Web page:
Scientists discover vast reef behind the Great Barrier Reef

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Bioherm-Reef

James Cook University, University of Sydney and Queensland University of Technology scientists working with laser data from the Royal Australian Navy have discovered a vast reef behind the familiar Great Barrier Reef.

JCU’s Dr Robin Beaman says the high-resolution seafloor data provided by LiDAR-equipped aircraft have revealed great fields of unusual donut-shaped circular mounds, each 200-300 meters across and up to 10 meters deep at the center.

Halimeda is a green macroalgae composed of calcified leaf-like segments.  As these plants die, these segments turn white and accumulate over thousands of years forming thick mounds called bioherms.  Where these plants have died, A living layer of Halimeda algae covers the bioherms and stretches across an area of 6095 km2 on the landward side of the reef.

Halimedia Photo Credit: Live Aquaria

Although the Halimeda habitat was previously known to GBR scientists, this new study shows the reefs are three times larger and more complex than previously thought.

Scientists used high-resolution airborne LiDAR and multi-beam bathymetry datasets to gain a more accurate calculation of the bioherms. Previous studies of the reef used sediment grabs, coring and seismic profiling, and the distribution was estimated at 2000 km2 using interpolation from echo-sounder profiles.

“We’ve known about these geological structures in the northern Great Barrier Reef since the 1970s and 80s, but never before has the true nature of their shape, size and vast scale been revealed,” he said.

Dr Beaman said it was an astounding revelation. “The deeper seafloor behind the familiar coral reefs amazed us.”

The fields of circular donut-shaped rings are Halimeda bioherms, large reef-like geological structures formed by the growth of Halimeda, a common green algae composed of living calcified segments.

These form small limestone flakes on death, looking much like white cornflakes. Over time these flakes build up into large reef-like mounds, or bioherms.

Mardi McNeil from Queensland University of Technology and lead author on the new research paper, said their extent is vast.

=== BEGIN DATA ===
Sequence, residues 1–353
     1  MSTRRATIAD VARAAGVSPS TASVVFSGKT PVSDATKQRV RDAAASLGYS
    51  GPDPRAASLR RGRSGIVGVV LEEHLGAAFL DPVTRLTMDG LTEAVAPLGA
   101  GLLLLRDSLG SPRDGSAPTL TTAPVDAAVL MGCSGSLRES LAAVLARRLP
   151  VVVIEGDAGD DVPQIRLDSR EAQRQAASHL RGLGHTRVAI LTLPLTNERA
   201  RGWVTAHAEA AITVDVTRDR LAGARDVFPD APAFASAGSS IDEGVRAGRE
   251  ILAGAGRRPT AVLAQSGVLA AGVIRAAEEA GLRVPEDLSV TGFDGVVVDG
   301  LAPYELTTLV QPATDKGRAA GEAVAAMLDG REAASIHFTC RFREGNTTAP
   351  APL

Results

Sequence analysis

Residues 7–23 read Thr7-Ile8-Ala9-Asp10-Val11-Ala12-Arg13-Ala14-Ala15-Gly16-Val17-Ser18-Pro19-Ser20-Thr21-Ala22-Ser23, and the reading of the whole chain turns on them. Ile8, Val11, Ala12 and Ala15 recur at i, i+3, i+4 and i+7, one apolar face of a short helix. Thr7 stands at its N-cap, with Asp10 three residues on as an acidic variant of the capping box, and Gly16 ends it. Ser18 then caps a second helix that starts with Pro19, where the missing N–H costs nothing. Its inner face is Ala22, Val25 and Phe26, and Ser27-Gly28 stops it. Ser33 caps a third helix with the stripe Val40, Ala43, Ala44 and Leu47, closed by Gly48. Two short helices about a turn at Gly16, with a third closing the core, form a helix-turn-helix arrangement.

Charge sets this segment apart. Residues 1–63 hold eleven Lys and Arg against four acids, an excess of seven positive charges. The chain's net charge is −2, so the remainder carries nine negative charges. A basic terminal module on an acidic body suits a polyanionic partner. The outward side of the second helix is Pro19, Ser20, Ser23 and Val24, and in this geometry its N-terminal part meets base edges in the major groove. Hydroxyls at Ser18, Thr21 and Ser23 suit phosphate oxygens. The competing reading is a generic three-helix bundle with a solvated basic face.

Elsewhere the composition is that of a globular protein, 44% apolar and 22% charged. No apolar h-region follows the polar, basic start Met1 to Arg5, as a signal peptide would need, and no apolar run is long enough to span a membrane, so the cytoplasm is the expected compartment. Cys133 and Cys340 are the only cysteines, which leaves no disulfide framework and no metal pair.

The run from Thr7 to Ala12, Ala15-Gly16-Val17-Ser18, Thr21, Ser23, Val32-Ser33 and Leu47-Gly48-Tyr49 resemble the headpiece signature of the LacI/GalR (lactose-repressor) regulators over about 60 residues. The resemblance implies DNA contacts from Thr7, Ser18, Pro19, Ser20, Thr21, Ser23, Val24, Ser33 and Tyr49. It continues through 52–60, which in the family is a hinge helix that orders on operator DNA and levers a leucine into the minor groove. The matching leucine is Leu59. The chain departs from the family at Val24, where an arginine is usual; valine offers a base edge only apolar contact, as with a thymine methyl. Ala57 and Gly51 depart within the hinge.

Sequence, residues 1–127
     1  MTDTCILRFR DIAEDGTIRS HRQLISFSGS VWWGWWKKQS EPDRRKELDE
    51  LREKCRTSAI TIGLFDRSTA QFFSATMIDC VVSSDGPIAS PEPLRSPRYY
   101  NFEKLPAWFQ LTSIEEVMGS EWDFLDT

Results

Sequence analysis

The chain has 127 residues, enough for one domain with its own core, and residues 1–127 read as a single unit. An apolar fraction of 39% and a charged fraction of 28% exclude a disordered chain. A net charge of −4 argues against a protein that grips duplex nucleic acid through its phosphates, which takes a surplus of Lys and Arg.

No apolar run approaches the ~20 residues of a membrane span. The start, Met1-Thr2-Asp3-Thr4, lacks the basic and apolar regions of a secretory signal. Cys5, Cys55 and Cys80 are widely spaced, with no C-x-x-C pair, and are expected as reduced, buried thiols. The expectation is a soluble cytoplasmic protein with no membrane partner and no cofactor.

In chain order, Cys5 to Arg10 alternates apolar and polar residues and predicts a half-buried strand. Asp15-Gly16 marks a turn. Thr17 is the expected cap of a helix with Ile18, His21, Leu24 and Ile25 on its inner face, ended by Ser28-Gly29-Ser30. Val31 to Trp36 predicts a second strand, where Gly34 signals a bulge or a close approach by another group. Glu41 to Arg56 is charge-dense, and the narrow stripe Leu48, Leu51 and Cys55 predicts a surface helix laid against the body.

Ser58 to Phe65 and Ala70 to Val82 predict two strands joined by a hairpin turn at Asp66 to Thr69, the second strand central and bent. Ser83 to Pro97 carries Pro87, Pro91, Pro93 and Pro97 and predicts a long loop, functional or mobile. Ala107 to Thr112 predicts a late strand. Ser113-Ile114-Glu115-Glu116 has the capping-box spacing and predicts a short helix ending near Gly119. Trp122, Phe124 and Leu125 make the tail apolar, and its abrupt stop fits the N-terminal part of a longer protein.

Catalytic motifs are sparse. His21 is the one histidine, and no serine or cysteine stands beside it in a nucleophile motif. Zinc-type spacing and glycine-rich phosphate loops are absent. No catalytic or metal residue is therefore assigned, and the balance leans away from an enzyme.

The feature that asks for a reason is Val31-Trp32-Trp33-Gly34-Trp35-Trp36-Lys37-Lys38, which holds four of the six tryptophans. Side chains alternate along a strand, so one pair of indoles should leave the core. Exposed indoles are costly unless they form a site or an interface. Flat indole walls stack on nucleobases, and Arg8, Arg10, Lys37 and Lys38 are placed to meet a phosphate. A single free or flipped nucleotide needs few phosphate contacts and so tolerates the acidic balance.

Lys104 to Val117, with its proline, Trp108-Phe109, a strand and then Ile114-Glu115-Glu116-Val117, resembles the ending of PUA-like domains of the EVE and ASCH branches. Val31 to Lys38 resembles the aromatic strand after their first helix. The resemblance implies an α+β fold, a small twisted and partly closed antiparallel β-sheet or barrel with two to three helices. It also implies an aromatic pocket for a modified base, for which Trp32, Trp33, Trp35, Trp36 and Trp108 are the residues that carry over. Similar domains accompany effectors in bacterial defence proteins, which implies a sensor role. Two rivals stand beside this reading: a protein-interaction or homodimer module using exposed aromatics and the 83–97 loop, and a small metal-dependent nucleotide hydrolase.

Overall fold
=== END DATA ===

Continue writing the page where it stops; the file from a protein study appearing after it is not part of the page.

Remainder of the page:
“We’ve now mapped over 6000 square kilometres. That’s three times the previously estimated size, spanning from the Torres Strait to just north of Port Douglas. They clearly form a significant inter-reef habitat which covers an area greater than the adjacent coral reefs.”

Associate Professor Jody Webster from the University of Sydney, said the revelations about the extent of the bioherm field make questions over its vulnerability to climate change even more pressing.

“As a calcifying organism, Halimeda may be susceptible to ocean acidification and warming. Have the Halimeda bioherms been impacted, and if so to what extent?”

Dr Beaman said the discovery also opened up many other new avenues of research.

“For instance, what do the 10-20 metre thick sediments of the bioherms tell us about past climate and environmental change on the Great Barrier Reef over this 10,000 year time-scale? And, what is the finer-scale pattern of modern marine life found within and around the bioherms now that we understand their true shape?”

He said future research would require sediment coring, sub-surface geophysical surveys, and employing autonomous underwater vehicle technologies to unravel the physical, chemical and biological processes of the structures.  For more information visit James Cook University release.

 

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